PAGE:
Sunday, June 20, 2021 (Day 20)
Katie Snipes Lancaster
Psalm 20 (from Robert Altar’s 2007 translation)
May the Lord answer you on the day of distress,
the name of Jacob’s God make you safe.
May the Lord send help to you from the sanctum,
and from Zion may the Lord sustain you.
May the Lord recall all your grain-offerings,
and your burnt-offerings may the Lord relish.
May the Lord grant what your heart would want,
and all your counsels may the Lord fulfill.
An Opening Word
Psalm 20 is considered a “royal psalm,” one written as a blessing for the King in need. I love the repeated “May the Lord…” implying the potential and possibility of God’s authority to bring about safety and sustenance.
Robert Altar notes that these first verses of Psalm 20 are also found, almost word for word in Aramaic, on an ancient Egyptian pagan papyrus from the second century BCE. He speculates that either the pagan scribes appropriated Psalm 20 for their own uses, or possibly both the Psalmist and the pagan writer adapted the text from an even more ancient Canaanite polytheistic poem. Both possibilities are interesting because they imply a borrowing of sacred language. Such borrowing itself, points to equally interesting possibilities: either a fluidity of faithfulness (which breaks down our own twenty-first century binary categories of either/or with regard to religious identity), or an intentional rewriting of texts (with the potential implication that rewriting and reclaiming the sacred language of foreign religious community doubly asserts the authority of “our” God).
I bring this up because today’s mystic also pushed back against the binary insider/outsider categories of religious authority in the 1300s and it got her killed. Born in the late thirteenth century in the county of Hainaut, in what was then the Holy Roman Empire, and is now a borderland between France and Belgium, Marguerite Porete grew up speaking French, and as a young woman joined the Beguine community of laywomen. The Beguine laywomen says one scholar, “sought to fill a spiritual void without putting their lives under the control of a religious order.” They practiced charity and were what we might today call social workers. Living together in communities of sixty to eighty women, they had mystic-sensibilities and pursued religious devotion together. Unlike nuns within religious orders who vowed life-long chastity and commitment to their community, women who belonged to the Beguine community could leave to pursue marriage, and the boundary between insider/outsider was more porous.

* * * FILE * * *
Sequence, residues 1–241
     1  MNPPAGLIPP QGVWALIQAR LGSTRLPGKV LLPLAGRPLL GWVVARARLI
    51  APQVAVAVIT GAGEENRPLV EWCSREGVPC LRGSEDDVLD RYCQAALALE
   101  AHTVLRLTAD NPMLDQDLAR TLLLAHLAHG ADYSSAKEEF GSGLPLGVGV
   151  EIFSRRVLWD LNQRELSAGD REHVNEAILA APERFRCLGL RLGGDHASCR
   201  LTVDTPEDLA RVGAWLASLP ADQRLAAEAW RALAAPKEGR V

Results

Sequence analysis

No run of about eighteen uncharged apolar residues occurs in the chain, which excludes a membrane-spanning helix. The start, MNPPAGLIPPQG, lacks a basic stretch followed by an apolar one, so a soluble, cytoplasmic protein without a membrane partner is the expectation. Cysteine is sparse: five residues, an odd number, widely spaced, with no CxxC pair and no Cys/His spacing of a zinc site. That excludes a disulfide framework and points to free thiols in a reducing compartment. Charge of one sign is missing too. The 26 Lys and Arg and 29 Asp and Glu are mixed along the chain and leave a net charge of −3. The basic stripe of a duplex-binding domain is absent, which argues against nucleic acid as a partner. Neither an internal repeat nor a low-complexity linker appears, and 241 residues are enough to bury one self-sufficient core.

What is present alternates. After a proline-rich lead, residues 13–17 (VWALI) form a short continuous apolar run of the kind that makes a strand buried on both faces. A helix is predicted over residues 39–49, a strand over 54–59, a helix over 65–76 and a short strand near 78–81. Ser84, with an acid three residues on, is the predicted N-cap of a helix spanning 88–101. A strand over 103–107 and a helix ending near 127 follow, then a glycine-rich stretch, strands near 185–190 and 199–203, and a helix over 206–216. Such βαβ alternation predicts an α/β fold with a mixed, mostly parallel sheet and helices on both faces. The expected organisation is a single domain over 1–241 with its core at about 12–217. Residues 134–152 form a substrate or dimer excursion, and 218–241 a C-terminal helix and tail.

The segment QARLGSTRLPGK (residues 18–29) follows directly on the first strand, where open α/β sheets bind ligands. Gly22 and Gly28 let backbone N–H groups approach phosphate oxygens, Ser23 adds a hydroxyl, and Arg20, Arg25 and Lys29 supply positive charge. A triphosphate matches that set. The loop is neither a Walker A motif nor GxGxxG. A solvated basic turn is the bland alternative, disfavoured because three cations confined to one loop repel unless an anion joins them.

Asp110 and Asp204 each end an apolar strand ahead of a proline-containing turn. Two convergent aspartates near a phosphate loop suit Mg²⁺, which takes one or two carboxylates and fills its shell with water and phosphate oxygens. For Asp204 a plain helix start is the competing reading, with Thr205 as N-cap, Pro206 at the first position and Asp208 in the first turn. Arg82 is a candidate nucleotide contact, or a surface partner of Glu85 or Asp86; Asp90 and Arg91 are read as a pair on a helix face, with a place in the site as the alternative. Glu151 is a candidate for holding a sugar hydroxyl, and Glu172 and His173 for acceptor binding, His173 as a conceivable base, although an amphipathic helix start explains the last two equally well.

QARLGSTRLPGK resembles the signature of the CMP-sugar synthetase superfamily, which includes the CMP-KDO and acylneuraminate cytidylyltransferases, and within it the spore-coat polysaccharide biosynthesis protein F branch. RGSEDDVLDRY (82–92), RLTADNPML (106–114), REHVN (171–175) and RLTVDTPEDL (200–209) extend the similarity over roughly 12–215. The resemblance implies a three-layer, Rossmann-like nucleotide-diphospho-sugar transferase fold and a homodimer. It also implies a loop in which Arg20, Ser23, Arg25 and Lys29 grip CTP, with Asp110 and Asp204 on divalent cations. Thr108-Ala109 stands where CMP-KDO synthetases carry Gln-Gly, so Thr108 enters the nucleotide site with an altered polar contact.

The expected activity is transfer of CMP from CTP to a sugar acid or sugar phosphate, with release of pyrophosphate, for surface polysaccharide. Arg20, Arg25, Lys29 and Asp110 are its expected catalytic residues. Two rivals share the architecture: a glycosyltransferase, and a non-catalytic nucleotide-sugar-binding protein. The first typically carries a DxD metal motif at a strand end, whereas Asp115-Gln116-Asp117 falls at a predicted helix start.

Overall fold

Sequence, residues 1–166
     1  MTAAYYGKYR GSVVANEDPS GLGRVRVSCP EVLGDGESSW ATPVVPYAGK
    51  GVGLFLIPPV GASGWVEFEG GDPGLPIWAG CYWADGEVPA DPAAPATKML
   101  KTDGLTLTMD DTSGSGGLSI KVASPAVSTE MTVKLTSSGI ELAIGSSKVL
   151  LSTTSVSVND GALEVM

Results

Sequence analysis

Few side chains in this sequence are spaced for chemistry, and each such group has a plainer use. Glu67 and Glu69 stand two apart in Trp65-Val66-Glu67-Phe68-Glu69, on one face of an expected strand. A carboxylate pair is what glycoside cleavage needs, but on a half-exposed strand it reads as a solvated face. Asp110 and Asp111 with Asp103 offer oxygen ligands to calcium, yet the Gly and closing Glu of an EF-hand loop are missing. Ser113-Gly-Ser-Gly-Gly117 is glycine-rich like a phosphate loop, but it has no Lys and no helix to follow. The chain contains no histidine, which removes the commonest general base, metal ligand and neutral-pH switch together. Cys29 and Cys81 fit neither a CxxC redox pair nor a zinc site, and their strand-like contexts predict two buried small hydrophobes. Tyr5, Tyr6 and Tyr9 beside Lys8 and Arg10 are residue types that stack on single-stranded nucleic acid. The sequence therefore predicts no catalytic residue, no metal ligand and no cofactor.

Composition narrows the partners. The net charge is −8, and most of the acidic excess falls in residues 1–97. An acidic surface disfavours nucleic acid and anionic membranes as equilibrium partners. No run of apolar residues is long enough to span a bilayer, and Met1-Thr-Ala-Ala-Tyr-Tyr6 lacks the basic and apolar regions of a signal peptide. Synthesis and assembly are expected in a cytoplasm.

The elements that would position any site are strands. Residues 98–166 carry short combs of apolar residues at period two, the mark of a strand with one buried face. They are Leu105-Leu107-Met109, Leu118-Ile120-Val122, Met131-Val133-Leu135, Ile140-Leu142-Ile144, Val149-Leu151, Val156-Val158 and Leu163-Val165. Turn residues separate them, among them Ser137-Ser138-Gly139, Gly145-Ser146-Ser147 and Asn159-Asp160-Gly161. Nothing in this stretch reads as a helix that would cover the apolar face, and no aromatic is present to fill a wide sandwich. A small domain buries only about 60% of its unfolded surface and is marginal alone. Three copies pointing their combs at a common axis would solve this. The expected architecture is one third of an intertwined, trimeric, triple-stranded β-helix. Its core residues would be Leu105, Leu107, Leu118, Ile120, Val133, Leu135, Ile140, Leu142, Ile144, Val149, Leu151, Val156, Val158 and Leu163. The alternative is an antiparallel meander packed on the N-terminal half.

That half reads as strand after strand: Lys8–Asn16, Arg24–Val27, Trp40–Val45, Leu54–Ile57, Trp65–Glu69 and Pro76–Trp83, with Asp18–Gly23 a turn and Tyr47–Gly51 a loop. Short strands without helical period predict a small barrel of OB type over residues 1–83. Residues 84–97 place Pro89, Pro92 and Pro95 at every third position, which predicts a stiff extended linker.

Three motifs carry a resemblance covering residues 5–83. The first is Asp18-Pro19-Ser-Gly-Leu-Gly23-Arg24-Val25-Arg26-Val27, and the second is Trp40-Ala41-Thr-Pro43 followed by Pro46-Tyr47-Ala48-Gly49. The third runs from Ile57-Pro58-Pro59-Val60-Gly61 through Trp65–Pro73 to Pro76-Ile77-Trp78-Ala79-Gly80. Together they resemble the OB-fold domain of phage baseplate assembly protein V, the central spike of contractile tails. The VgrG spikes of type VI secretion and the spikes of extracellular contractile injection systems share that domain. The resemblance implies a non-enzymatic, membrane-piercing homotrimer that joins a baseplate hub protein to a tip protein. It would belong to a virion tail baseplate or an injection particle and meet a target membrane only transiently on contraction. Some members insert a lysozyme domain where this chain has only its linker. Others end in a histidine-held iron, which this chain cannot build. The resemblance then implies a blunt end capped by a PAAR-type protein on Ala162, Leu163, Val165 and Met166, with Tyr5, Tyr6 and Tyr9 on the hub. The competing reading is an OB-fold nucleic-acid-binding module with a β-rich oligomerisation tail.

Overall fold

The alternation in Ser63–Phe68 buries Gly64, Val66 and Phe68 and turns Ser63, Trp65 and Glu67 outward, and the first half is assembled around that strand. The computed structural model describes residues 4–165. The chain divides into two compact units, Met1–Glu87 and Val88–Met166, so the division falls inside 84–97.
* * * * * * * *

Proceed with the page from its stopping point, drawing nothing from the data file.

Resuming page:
Marguerite Porete’s book “Mirror of Simple Souls” is both poetry and prose, and she was asked by religious authorities to withdraw her book from publication. When she would not she was imprisoned. She stayed in jail for 18 months at which point, in the summer of 1310, she was burned at the stake for being an unrepentant heretic. These were of course, publicly viewed executions, and one chronicler says “She displayed many signs of penitence both noble and pious at her death. For that reason the faces of many of those who witnessed it were affectionately moved to compassion for her, and indeed the eyes of many were filled with tears.” The following year in 1311, at the Council of Vienne, the religious authorities determined that all Beguine orders be dissolved immediately, since the church felt they posed a threat to theological purity.
It seems like such an ancient story—burned at the stake?!—and yet we are no strangers today to ideas of theological purity, or religious gatekeeping. Just open your newspaper (or rather your twitter feed).
I personally love Marguerite Porete’s words below, an open, tender, full-bodied attentiveness to the divine. That we might all be so in tune with God’s nearness.
Prayer from the Mystics: Marguerite Porete (birth year unknown–died 1310)
Beloved, what do you want of me?
I contain all that was, and that is, and shall be.
I am filled with the all.
Take of me all you please
If you want all of myself, I’ll not say no.
Tell me, beloved, what you want of me—
I am Love, who am filled with the all;
What you want
We want, beloved.